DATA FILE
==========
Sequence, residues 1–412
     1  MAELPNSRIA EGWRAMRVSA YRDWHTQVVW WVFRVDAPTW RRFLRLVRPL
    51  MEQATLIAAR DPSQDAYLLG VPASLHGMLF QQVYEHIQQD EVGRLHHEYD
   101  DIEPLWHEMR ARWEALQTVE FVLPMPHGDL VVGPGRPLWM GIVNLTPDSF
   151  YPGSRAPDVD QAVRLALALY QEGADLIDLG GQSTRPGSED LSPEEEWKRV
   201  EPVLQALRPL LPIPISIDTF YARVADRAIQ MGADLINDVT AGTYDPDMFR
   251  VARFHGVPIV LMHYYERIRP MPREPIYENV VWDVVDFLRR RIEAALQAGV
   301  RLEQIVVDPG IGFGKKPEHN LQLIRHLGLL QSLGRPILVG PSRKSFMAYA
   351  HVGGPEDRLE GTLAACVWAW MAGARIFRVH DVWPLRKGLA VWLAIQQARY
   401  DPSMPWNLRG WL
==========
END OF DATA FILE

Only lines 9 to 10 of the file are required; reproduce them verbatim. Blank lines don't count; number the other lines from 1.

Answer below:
   351  HVGGPEDRLE GTLAACVWAW MAGARIFRVH DVWPLRKGLA VWLAIQQARY
   401  DPSMPWNLRG WL